Because your blood sugar level goes down when you exercise, you may need to eat a snack or give yourself less insulin before a long workout
If you have type 2 diabetes, it's very important to try to lose weight.
Sometimes, if you lose enough weight you may not need to take medicine.
If you have type 1 diabetes, losing weight doesn't help with your blood sugar levels. But excess weight isn't healthy for anyone.
You need to check your blood sugar level because your blood sugar level changes all the time based on:
If your blood sugar levels change significantly, you may need to change your diet or the medicine you take.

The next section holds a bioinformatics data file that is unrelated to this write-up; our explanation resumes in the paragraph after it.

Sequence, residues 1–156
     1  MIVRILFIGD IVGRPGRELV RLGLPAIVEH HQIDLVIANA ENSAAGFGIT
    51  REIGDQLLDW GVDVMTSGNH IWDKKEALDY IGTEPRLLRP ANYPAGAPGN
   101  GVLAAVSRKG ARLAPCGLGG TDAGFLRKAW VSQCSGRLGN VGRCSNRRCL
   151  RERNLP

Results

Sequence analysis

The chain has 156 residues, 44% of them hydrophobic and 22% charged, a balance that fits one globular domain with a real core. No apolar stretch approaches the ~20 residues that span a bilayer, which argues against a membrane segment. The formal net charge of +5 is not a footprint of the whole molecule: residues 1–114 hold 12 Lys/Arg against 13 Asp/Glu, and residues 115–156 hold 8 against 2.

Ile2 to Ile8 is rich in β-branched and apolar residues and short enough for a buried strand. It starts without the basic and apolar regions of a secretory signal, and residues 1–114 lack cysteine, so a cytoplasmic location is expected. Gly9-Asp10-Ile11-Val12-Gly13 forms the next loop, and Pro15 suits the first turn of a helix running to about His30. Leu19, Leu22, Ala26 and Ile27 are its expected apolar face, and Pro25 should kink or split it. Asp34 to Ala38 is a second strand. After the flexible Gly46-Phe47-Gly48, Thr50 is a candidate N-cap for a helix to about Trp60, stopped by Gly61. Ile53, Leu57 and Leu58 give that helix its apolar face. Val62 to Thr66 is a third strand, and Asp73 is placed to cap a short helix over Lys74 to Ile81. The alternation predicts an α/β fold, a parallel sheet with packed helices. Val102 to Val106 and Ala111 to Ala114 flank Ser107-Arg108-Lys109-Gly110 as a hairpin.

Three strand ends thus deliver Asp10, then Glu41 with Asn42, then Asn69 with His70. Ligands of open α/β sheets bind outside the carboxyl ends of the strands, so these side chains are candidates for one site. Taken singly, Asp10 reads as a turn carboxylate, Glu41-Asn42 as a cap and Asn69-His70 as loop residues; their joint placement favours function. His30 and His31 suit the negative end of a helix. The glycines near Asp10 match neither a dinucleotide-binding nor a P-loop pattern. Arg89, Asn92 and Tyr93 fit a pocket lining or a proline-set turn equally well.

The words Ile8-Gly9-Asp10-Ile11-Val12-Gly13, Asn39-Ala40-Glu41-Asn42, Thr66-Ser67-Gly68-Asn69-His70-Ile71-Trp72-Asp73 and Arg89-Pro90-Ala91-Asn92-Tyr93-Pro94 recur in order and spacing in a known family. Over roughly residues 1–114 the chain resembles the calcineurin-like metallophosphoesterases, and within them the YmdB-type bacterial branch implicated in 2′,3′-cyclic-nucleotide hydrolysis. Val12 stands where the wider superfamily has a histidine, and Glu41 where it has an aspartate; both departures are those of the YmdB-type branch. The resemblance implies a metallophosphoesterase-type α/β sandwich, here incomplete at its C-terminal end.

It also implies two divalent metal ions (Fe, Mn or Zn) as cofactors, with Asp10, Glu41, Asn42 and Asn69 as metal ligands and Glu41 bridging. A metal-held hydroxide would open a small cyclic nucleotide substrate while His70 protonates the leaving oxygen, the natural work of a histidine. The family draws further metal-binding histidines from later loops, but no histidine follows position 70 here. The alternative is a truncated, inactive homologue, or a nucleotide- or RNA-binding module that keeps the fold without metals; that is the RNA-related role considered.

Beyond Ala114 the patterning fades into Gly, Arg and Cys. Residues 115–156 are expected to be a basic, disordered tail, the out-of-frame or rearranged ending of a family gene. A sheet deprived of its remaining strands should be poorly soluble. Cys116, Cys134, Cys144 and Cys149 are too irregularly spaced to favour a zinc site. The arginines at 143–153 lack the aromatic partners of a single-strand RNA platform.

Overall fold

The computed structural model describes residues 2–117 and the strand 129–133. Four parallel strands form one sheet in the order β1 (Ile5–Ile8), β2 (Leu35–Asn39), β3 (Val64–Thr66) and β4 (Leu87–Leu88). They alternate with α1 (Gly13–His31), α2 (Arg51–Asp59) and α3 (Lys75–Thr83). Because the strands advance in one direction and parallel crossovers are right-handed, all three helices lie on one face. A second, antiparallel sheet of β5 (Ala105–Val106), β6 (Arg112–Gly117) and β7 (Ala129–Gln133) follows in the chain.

Your doctor will tell you when and how often to do check your blood sugar. If you have type 1 diabetes, you usually need to check your blood sugar several times a day. If you have type 2 diabetes, you can check it less often.
Most often you'll check your blood sugar by:
Write down your blood sugar levels each time you check them so you can share the numbers with your doctor. Your doctor will use the numbers to tell you whether to change your medicines or your diet. If you don't check your blood sugar, it can get too high and no one will know.
Some people use a continuous glucose monitoring device—this uses a small sensor placed under your skin that shows the results of your blood sugar levels every few minutes on the screen of a small belt device worn like a cell phone.
Doctors can also check the amount of hemoglobin A1Cin your blood every 3 to 6 months. This lets them see how well your blood sugar levels have been controlled over time.